A multi-million-dollar grant from a major media conglomerate to a communications school here has been hailed by some as a shining example of corporate philanthropy working to improve the quality of journalism.
In late 1986, Washington was rocked by revelations that the Ronald Reagan administration had illegally aided a stateless army known as the contras in Central America.
The heart of Puerto Rico’s central mountain range is the site of an extraordinary story of struggle and triumph.
A feeling of insecurity has overtaken broad sectors of Puerto Rican society as the economy worsens, public sector debt spirals out of control, and the island's creditworthiness is put in doubt.
Agriculture in this Caribbean island is going through its worst moment. Whereas this sector accounted for 71 percent of its gross domestic product in 1914, now it amounts to no more than one percent.
Everyone in Puerto Rico agrees that the island's ailing Electric Power Authority (PREPA) is badly in need of an overhaul, both in engineering and economic terms.
Puerto Rican society has been shaken to its foundations by the announcement in February by Standard & Poor's and Moody's credit rating agencies that they had downgraded the island's creditworthiness to junk status.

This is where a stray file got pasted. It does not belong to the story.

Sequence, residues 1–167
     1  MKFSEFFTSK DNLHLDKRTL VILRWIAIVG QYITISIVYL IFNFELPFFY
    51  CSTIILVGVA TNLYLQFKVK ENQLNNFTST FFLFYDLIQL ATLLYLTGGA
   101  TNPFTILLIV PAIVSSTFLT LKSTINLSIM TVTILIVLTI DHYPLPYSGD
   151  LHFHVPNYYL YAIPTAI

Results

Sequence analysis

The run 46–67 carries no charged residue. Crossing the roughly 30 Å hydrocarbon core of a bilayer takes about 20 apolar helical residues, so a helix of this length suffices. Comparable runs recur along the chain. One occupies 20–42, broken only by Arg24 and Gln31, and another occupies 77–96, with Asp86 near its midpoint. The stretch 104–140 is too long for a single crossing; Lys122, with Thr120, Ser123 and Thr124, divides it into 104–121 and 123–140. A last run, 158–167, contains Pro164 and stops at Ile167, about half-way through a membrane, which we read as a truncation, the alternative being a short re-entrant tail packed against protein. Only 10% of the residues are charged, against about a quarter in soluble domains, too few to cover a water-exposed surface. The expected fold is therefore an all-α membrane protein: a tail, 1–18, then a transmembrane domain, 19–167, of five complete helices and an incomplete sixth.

A decade after the United States Navy’s departure, the Puerto Rican island town of Vieques faces new challenges, and the rebirth of its agriculture sector is hampered by a legacy of toxic military trash that has uncertain consequences.
As Puerto Rico seeks to lower soaring utility rates while simultaneously shifting toward cleaner energy sources, it faces grassroots opposition to two major projects even though at least one is 100-percent renewable.
The political ground is shifting under the campaign to end the U.S. Navy's use of the inhabited island of Vieques as a bombing range.